And why have these offences diminished? First of all, because the period of distress has passed away, and with that period of distress the disposition to offence, which of course it stimulated, has passed away also. Secondly, because Parliament in 1887, after the increase of offences had taken place, passed a remedial Act, a supplement to the Land Act of 1881, and in some important respects an extension of the Land Act. The consequence has been that the Irish people have received under the operation of that measure a great amount of relief from difficulties which they were unable to surmount, and therefore the rate of agrarian offences has largely diminished. These are operations with which all persons are familiar who have looked into the history of crime, meaning thereby agrarian crime, in Ireland. As to general crime, I believe I am correct in saying that Ireland does not present a diminution. According to an account which has been supplied me by a gentleman who has himself undertaken the responsibility of authorship on the subject, there is, on the contrary a small increase of ordinary crime in Ireland within the last few years, but of that you hear nothing. No crime seems to be important for exhibiting the state of Ireland in the view of the present Government, except that which touches the collections of the rents of the landlords. But, gentlemen, there is another consideration which has operated more powerfully still in disposing the Irish people towards habits of legality. I am sorry to say that during these five years it is beyond dispute the Irish people have necessarily become more and more estranged from the administration of law, as regards the judicature of the country, as regards the magistracy, as regards the constabulary. For many long years there has not been a time when the people have been more alienated from the action of many members of those bodies, and, above all, from the spirit at headquarters which for the most part controls and governs them. But another counteracting cause of happier origin and happier spirit has powerfully worked upon the Irish people, and that is the friendship of the people of Great Britain. They have seen the conduct of the Liberal party, and they have interpreted that conduct as the true index of the sentiment of the country at large. It is for us to carry to a decisive issue the question whether they are well justified in the interference which they so draw.
But, at the stage which matters have now reached, can we make no appeal to those who oppose us? Can we do nothing to reach their understandings, or to move their hearts? In the hours of silent reflection, and apart from all excitement of passion and of controversy, I ask myself, what is the motive that induces our opponents to persist in this, for them, hopeless contest? Usually a great party engaged in a great battle has some great object before it. What is the object that addresses itself to them? Is it because they are government by fear of the Irish nation? Well the Irish nation are under five millions, and they are always fond of assuring us that out of this five millions two millions are resolute on their side. Then how strange the position! Two millions of Irishmen faced by three millions who it is supposed have diabolical intentions to oppress them! But behind these two millions, a minority one would think not wholly incapable of making some effort at self-defence, behind these two millions there are thirty-five millions of Englishmen, Scotchmen and Welshmen, not one of whom would tolerate for a moment the slightest indication on the part of the Irish majority to oppress the Irish minority. Could fear be at the root of this position? Well, if it is not fear, is it for the reputation of the country that the old policy towards Ireland is continued? Well, gentleman, the reputation of a country is measured by a standard which we can easily get at; it means what its neighbours think of it. The reputation of Russia at this moment is probably very high with certain parties within Russia itself, but would not, I am afraid, be quite so high if measured by the general opinion of the civilised world. But where is the general opinion of the civilised world, where is the reputation of England, with reference to its conduct to Ireland? A condemnatory verdict has long ago been pronounced, and in the whole public opinion and in the whole literature of every civilised country on this or on the other side of the Atlantic, you cannot find a single exception to the rule that every competent, every creditable, every weighty, every decent witness admits, and for generations has proclaimed, in terms most unqualified, that the long inveterate conduct of England towards Ireland has grievously lowered its high character and has been unworthy of its general fame. Is it, then, because they think their policy contributes to the strength of an empire? But the strength of an empire consists in the union of the entire country and all its inhabitants, and it is not strength but weakness which results, and must result from compelling the people of Ireland to continue in permanent alienation from the legislation of this country on those matters which lie nearest to their heart, and which they believe to be the most vitally connected with their interest. Is it, then, to the interest of the public purse? Well, the public purse is a question on which I should always endeavour to speak with strict accuracy; but I will venture to say that a sum not less, probably more, than three millions of money is annually thrown into the sea under the operation of our present legislation towards Ireland, which would be retrieved if that legislation underwent a beneficial change. And unhappily this is not merely money wasted, but money spent if not for the purpose of producing, yet with the effect of producing, alienation and estrangement, and the value of which, could it be stated as a money value, is far greater than waste.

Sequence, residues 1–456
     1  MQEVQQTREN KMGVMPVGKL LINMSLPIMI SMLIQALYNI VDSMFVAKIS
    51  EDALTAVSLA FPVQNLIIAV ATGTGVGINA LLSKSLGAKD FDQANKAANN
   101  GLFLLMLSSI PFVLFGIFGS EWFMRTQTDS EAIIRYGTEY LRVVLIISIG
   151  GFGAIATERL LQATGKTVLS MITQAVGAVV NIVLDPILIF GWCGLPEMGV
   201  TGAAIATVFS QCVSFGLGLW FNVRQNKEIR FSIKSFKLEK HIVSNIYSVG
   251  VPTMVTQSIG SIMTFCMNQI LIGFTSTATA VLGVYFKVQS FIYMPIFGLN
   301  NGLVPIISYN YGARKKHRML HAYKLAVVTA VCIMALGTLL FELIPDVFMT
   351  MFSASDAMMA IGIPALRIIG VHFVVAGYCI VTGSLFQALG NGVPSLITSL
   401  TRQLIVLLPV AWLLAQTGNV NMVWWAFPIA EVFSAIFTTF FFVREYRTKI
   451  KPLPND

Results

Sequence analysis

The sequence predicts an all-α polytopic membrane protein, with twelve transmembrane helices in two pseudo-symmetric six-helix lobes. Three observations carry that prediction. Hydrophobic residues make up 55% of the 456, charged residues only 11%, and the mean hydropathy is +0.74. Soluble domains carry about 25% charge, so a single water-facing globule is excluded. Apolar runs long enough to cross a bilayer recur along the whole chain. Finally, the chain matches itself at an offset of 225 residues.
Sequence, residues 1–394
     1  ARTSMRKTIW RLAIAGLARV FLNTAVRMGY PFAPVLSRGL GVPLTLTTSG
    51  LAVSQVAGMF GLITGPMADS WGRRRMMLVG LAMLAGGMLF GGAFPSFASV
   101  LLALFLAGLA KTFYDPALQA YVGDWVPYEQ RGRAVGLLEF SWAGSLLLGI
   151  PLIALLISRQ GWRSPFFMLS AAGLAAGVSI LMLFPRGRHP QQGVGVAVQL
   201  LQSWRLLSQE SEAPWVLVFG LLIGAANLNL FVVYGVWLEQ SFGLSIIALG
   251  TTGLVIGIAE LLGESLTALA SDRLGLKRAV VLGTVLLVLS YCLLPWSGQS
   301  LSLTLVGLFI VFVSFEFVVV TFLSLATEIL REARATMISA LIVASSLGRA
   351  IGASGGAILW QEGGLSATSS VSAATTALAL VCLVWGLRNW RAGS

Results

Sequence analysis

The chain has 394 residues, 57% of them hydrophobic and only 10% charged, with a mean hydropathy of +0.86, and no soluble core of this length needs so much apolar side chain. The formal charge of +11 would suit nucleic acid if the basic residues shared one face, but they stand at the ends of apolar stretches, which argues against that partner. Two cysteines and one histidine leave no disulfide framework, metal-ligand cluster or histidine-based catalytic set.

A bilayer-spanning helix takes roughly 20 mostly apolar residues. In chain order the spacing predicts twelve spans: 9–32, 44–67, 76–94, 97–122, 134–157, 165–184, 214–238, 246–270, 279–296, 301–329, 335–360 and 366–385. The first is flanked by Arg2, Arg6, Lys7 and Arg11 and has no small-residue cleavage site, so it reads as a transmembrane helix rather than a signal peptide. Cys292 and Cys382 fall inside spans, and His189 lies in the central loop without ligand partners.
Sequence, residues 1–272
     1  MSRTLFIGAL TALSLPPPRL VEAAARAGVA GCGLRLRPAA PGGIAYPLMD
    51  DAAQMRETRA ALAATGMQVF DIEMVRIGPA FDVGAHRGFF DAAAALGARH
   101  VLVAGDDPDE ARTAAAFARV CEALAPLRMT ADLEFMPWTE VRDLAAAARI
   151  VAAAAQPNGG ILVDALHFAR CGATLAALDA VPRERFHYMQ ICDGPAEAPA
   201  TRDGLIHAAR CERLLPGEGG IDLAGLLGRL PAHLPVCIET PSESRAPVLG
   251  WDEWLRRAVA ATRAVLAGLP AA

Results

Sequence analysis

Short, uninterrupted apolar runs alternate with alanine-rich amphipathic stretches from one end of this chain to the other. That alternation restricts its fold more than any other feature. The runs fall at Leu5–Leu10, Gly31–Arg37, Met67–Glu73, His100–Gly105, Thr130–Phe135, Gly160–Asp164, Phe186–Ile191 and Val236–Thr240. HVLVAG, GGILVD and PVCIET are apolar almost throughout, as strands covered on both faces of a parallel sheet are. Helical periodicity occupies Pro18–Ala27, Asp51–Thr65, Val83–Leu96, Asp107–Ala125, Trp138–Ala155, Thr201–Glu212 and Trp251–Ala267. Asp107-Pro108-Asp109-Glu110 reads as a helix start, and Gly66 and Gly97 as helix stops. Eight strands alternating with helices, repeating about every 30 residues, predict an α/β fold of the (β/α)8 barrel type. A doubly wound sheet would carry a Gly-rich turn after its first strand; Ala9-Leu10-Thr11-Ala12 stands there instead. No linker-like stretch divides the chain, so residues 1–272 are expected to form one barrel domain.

Well, lastly, gentlemen, we have the fact of the arrears of public business. You never can overtake the mass of work in which you are already involved, and which increases from year to year, until this terrible Irish controversy is out of the way. The effect of it has been, during the whole of my political life, that a fraction of the population of the United Kingdom, hardly amounting to one-eighth or one-ninth part, necessarily consumes an enormous portion of its legislative time, and makes it impossible for it to perform its proper office. Well, gentlemen, you have come to the period at which it is quite clear that there must be either friendship or enmity with Ireland. But I wish to call your attention to one important circumstance, and it is this: There has been, unfortunately, that alternative before England for centuries; but in other ages, when enmity and not friendship was chosen as the alternative, it was the enmity of states or of classes, and not the enmity of peoples. But you have arrived at a point decisive in your history; and now for the future if, say after the next election, this enmity is to continue it will be the enmity of peoples and not of states. To see one country oppressed by the rulers of another state is heartrending. But gentlemen, this is not a question of cruel tyrants; this is not a question of selfish oligarchies. Six millions of you, by your votes, determine the course which the Imperial policy is to follow, and with that power you must accept the duties and the responsibilities which belong to it. If Ireland is oppressed hereafter it will be oppressed by you, by the people of this country, and allow me to say that the spectacle of one people oppressing another is a spectacle of the saddest, the most heartrending, and perhaps the most revolting which the wide surface of the earth can present to the human eye. I will never believe that this great nation will place itself in such a position. And in truth, gentlemen, this friendship has been considered, and has, as we think, in some degree been decided. The declaration has been made, and made in favour of friendship. It has been made in the most constitutional manner, by the exercise of the elective franchise, and by the results obtained at the polls. Those results, which for a long time were overlooked or ridiculed by the organs and the voices of our opponents, they now begin to see and to admit to be somewhat formidable to their plans, and the only refuge which remains to them is in "the play of other parts of the constitution." No, gentlemen, we believe that those elections which have tested here, there, and everywhere, in constituencies of every possible variety, the sense of the people, have afforded us a safe indication of that which is to come. The sense of these constituencies has been declared, and what has it said? It has uttered words of soberness, of justice, and of truth. But there are some ears in this world to which unhappily that which is sober, just, and true has but a slow and partial access. Let them, then, reflect on this; the verdicts that the constituencies have spoken are not only that which is sober, just, and true, but also they speak what everyone will understand: they speak the inevitable. Upon these verdicts Ireland relies. You have watched the conduct of Ireland in the difficult circumstances of the last nine months, and that conduct I do not hesitate to risk saying on your behalf has evoked in every breast a responsive voice of sympathy, and an increased conviction that we may deal freely and yet deal prudently with our fellow-subjects beyond the Channel. Such is your conviction. On her side she reposes in full trust on the evidence of the recent facts; she believes that when the opportunity arrives, the general sense of the country will ratify the judgement that has already been given at nearly a hundred points of its surface; she believes that the entire people of Great Britain will, by a great and decisive majority, determine to meet and to dispose of those demands which are now made upon them, she believes, alike by their honour, by their interest, and by their duty before God and man.